For most people in a Muslim-majority country like Syria, Friday is a day of rest. Shops and cafes mostly close until the afternoon when Friday prayers are over and then business builds only slowly towards the evening rush. For many young Aleppians, it was meant to be a lazy morning. For me, an Armenian, I had to wake up early to go to school. But Friday mornings will always make me think of three things: a breakfast of the best ful in the world, delicious Syrian sweets – Shuebiyat or Zlebyeh — and drinking coffee by Aleppo’s citadel.
During my last year in high school, Fridays would always be marked by the trio of ful, sweets and coffee by the citadel. After twelve years of education, Syrian students take their baccalaureate, a final exam administered not by individual schools but by the Ministry of Education. Knowing that your teachers no longer control your grades lead many students to see the final year as demanding but also a time of freedom. As the ties to our schools frayed, few of us were very obedient or disciplined.
As I was in an Armenian school, our weekend was on Saturday and Sunday, unlike public schools which closed their doors Friday and Saturday. On Fridays, along with as many as a dozen classmates, we’d skip the first two classes of the day and go in search of the three wonders while most of the city was asleep.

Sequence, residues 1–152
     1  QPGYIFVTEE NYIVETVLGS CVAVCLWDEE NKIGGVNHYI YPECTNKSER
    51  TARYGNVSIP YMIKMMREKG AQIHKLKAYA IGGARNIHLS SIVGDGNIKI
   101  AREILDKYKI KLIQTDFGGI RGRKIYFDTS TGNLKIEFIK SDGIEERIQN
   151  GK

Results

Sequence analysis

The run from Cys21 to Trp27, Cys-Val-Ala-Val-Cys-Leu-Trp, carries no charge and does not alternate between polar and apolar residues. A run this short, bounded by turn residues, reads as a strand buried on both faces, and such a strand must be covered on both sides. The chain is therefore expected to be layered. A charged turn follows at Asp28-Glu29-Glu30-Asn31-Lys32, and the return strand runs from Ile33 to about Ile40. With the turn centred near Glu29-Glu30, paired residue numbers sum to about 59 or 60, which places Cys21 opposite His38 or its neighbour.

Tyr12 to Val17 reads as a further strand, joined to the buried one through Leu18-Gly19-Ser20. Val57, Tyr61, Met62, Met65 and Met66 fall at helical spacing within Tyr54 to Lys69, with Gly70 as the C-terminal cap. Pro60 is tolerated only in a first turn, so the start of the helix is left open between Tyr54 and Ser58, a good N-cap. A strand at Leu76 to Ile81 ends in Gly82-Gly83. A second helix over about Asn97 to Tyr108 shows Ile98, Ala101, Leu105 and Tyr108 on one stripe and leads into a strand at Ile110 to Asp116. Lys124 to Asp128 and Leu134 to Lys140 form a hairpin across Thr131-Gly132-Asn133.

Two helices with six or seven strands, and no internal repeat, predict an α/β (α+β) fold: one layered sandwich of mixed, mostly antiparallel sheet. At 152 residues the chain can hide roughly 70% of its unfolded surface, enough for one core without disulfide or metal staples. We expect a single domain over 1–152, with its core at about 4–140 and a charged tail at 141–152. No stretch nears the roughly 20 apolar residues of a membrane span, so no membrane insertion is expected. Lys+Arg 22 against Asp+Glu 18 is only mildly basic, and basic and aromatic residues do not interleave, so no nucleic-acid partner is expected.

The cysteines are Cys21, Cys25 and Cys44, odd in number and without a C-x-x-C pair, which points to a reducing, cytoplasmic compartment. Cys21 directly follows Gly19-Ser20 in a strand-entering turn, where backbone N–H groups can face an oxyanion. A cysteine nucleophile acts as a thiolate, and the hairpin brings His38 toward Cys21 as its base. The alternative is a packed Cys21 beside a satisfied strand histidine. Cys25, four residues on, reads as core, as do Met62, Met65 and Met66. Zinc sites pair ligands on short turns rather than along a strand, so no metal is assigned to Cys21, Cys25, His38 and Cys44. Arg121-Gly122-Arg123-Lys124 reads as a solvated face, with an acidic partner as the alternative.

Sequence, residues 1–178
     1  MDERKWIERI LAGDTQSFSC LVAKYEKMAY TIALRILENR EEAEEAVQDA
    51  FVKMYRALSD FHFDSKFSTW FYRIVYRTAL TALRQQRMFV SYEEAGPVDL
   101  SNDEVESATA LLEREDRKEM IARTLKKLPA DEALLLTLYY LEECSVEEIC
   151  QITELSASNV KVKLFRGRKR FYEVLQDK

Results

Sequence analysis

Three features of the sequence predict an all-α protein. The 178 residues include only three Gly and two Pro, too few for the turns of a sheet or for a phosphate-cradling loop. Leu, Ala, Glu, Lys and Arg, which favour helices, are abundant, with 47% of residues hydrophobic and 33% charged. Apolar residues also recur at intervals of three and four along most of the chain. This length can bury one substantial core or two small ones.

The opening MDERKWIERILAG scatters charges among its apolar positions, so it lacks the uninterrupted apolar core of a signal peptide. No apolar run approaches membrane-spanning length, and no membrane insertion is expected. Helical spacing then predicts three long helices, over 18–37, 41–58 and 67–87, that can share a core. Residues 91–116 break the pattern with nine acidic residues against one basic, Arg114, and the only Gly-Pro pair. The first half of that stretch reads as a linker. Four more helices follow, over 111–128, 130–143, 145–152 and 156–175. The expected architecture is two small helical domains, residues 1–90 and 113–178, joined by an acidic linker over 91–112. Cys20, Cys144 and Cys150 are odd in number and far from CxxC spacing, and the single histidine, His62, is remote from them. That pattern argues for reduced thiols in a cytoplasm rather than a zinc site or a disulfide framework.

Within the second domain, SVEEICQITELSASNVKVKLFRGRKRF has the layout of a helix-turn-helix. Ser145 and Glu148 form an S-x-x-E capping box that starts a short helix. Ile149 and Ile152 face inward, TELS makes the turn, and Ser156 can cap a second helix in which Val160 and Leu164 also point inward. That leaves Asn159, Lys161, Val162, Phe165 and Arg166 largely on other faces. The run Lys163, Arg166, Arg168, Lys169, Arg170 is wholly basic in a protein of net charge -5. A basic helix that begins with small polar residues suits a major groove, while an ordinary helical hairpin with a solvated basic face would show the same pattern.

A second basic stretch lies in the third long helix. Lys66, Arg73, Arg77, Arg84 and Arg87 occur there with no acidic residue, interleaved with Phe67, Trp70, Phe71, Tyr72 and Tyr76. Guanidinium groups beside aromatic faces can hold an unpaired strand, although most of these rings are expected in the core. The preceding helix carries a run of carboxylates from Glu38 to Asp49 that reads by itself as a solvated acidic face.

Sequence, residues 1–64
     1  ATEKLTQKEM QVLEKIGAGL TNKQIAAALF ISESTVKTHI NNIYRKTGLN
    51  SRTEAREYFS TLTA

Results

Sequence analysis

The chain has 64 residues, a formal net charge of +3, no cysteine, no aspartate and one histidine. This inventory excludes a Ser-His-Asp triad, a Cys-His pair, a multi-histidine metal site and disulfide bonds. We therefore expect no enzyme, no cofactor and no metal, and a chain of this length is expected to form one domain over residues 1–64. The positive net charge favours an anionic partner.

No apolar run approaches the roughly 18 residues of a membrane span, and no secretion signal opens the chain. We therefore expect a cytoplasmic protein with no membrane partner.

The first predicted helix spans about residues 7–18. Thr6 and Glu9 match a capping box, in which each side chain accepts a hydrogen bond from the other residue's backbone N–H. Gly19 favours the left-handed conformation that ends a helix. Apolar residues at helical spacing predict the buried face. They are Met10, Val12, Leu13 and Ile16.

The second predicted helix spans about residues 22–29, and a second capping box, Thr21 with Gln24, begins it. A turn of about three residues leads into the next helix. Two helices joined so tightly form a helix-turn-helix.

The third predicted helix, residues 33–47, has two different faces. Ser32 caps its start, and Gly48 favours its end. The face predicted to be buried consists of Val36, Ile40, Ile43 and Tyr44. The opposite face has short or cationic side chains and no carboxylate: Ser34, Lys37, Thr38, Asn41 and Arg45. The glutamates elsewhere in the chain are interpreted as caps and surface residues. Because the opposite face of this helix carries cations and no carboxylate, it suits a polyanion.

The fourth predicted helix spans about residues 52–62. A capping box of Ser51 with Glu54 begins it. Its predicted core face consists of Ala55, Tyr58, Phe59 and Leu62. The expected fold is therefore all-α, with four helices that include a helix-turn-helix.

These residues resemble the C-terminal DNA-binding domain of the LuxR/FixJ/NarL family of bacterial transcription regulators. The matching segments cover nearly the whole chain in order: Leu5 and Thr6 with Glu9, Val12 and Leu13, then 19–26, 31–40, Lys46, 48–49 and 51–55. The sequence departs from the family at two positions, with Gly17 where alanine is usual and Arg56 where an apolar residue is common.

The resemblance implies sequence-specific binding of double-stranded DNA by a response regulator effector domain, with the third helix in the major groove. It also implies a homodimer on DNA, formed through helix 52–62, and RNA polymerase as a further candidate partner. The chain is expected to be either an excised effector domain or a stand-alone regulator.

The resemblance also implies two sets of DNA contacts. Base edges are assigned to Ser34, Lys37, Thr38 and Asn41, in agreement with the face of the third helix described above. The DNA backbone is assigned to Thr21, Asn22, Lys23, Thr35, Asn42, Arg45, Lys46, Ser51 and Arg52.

Our journey would start around 7:30 am from al-‘Aziziyeh Square, about two hundred metres from my school. The first destination was the best ful “restaurant” on earth – Abu Abdo al-Fawwal. I would argue that Abu Abdo was probably the second best known person in Aleppo after the president. His shop, which he inherited from his father, who had inherited it from his father, was located in one of the most beautiful neighbourhoods of Aleppo – al-Jdaydeh. It was an old district located just outside the city walls and is one of the best preserved areas of the city.
After enjoying a bowl of ful, we would head to the nearest sweet shop. These shops in Aleppo are much more than they are in most countries. They don’t sell manufactured sweets and chocolates but make their own pastries from hundreds of different recipes that go back centuries. My two favourites are classics in Aleppo – shuebiyat, small triangles of flaky pastry filled with clotted cream and baked in butter, and filled often with pistachio and walnuts, and zlebyeh, a thin sheet of fried dough, also filled with cream and topped with cinnamon and pistachio nuts.
After consuming all that food, not everyone was ready to climb the magnificent Citadel of Aleppo. Some would go back to school while the cooler kids would skip another class. There were two options: either going to one of the cafés in front of the citadel or climbing the citadel itself. Either way it was a trip into the most ancient history of Aleppo. On Friday mornings the area is quiet. Most of the shops were closed, the cafés had no more than one waiter and the usually vibrant life seemed frozen in a different time.
Friends, food, sweets and culture. What else could you need? These memories of our beloved city are what we cling to now. Friends are scattered all over the world, from Canada to Australia, from Armenia to Beirut. The delicious dishes and sweets that represented the richness and generosity of our culture have become dreams for many Aleppians, who now struggle to get a daily meal. In the absence of food, friends and sweets, Aleppians sit and watch how their Citadel has become a sniper base for the army and a target for the rebels.